On 2nd December, Seven Spoons restaurant in Bangkok hosted a seven-course dinner titled Taste Sustainability, featuring a menu of inventive and delicious dishes using organic, sustainably sourced ingredients.
The evening began with an informal panel discussion with speakers from the UN Environment Programme, ThaiHarvest|SOS, Siam Organic and Surin Farms, which provided a fascinating overall perspective on the organic farming and food industry in Thailand.
From UN initiatives such as Think. Eat. Save., to the work of social enterprise Siam Organic in its attempt to eradicate poverty in Thailand’s farming community, we learned of the trials and tribulations - as well as the inspiring stories - of people who really are making a difference.
Siam Organic focuses on growing pesticide and chemical-free vegetables to maintain the health of Thai farmers, and in turn, the entire country. The non-organic fruits and vegetables in Thailand are laced with unregulated chemicals having a devastating effect on both the consumer and the environment in which they are grown.
Our first course was sustainably fished calamari and green papaya from Kogama Organic Farm in Chon Buri. We progressed to more ‘exotic’ dishes i.e. cricket gnocchi. Dessert was a delectable ‘mon’ sesame halva mousse – the seeds has been supplied by a company in the North of Thailand whose provides jobs to migrant communities.
Market access is also a grave challenge for many small organic producers. Surin Farms (their pork and community-made pickles was the third course) opened our eyes to the realities of operating in a monopolized supply chain, as well as the intense bureaucracy necessary to be awarded the ‘certified organic’ stamp.
Also on the panel was ‘food rescue foundation’ ThaiHarvest|SOS. This NGO based in Bangkok rescues surplus food that would otherwise be wasted, and redistributes it to those in need. Although the importance of food waste prevention has been slow to develop in Thailand, ThaiHarvest|SOS have successfully established 22 regular food donors and have to date rescued 65 tons worth of food. The versatility of leftover food was demonstrated in our Welcome Drink: Seven Spoons’ signature Shrub mocktail was cooled with ice cubes filled with chopped fruit, which had been rescued by ThaiHarvest|SOS, from a 5* hotel breakfast buffet.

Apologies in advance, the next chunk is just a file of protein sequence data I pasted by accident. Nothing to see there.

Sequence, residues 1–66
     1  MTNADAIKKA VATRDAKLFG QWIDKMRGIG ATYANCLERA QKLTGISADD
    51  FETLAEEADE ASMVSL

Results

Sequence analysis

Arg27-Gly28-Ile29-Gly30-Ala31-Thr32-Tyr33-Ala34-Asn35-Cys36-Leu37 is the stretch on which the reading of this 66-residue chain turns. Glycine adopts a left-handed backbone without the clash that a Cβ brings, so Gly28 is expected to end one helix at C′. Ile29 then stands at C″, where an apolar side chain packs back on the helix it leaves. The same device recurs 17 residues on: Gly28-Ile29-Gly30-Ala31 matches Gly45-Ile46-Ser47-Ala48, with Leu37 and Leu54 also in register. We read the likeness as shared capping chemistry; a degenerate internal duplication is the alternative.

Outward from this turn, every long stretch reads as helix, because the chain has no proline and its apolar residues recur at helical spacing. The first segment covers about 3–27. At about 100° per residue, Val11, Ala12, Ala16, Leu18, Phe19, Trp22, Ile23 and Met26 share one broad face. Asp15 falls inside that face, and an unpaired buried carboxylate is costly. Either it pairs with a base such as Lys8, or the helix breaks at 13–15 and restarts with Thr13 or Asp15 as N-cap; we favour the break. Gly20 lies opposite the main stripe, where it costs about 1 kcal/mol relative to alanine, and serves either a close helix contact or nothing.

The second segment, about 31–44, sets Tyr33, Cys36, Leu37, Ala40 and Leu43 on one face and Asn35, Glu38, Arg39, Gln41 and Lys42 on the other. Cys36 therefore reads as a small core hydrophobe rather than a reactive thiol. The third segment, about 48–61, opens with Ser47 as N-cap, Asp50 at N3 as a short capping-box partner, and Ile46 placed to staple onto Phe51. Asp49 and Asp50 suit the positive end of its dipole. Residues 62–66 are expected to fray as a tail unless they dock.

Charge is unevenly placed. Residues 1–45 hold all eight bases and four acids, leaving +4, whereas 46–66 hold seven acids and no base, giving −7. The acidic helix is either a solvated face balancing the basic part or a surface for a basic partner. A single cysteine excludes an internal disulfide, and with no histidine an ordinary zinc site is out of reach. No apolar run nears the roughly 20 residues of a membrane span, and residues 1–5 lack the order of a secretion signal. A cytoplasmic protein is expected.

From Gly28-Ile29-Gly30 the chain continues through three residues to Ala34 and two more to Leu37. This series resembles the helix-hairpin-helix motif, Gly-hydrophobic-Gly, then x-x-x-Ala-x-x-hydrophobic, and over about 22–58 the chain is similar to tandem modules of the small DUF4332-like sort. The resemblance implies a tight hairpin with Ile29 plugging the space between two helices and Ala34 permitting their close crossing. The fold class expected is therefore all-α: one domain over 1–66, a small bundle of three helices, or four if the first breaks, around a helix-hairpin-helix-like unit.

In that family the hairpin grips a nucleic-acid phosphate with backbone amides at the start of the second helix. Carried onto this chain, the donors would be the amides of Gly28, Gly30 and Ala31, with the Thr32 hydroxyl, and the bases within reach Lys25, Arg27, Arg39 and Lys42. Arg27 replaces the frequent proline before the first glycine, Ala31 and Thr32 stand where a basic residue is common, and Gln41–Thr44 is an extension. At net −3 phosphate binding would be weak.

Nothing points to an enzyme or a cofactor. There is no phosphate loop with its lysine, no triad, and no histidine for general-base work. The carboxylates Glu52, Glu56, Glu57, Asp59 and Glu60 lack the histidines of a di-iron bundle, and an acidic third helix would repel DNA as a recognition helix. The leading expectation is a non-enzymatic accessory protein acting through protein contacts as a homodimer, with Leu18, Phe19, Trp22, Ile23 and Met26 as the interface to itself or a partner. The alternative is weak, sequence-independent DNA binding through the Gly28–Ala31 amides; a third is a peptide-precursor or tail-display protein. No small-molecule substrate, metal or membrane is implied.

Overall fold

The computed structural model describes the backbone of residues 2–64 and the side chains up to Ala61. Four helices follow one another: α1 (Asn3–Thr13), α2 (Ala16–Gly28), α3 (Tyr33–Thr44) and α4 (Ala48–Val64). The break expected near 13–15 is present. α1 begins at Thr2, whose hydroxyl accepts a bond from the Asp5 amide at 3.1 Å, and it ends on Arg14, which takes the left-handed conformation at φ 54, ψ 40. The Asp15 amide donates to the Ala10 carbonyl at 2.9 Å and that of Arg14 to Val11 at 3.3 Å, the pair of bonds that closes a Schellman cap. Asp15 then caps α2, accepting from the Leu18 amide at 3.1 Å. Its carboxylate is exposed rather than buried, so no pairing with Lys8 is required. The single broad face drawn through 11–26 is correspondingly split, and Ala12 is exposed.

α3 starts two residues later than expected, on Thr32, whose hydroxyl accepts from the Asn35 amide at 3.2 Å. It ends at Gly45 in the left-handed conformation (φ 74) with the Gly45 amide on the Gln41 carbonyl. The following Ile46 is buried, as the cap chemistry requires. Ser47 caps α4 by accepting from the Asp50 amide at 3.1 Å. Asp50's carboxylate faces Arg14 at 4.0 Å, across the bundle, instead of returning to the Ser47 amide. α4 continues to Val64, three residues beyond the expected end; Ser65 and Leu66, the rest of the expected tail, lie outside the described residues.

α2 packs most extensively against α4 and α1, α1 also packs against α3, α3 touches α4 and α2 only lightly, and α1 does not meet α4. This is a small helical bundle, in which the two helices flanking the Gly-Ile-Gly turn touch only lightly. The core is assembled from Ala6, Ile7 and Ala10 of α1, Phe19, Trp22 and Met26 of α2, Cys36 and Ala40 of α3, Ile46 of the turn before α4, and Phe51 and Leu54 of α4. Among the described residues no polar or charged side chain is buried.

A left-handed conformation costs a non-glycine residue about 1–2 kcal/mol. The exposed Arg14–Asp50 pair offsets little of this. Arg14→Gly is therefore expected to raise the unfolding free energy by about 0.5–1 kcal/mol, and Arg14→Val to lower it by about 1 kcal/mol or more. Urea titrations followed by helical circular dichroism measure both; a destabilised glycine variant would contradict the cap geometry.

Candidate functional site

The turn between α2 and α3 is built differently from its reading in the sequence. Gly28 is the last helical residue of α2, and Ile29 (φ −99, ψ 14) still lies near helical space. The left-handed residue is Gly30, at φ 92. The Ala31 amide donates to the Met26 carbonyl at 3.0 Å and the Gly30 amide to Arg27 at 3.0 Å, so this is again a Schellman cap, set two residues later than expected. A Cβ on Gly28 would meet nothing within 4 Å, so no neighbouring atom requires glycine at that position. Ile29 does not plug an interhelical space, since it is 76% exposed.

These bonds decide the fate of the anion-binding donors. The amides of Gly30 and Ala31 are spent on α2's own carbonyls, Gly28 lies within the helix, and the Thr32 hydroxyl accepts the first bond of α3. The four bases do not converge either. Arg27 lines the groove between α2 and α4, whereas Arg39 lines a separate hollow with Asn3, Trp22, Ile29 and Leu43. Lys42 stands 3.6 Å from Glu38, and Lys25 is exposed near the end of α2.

Although we learned the three largest meat producers globally produce annual carbon emissions equivalent to those produced by all of France (!) this wasn’t intended to guilt us all into veganism; the aim of the evening was to help diners reflect on the our daily food choices, and make us question the origin of the foods we consume.
We left motivated to seek out those places that prioritise the quality of their ingredients, the minimising their carbon footprint and the supporting of their suppliers. Worryingly, many of the best hotels and restaurants in Bangkok don’t in fact use organic suppliers, and serve the same hormone-pumped meat and genetically-modified vegetables as your local street food vendor.
So for your body – and your conscience – it’s worth dining at reputable eateries; those that are known for their support of smaller producers, use of organic sustainably-sourced or -grown ingredients and generate minimal food waste.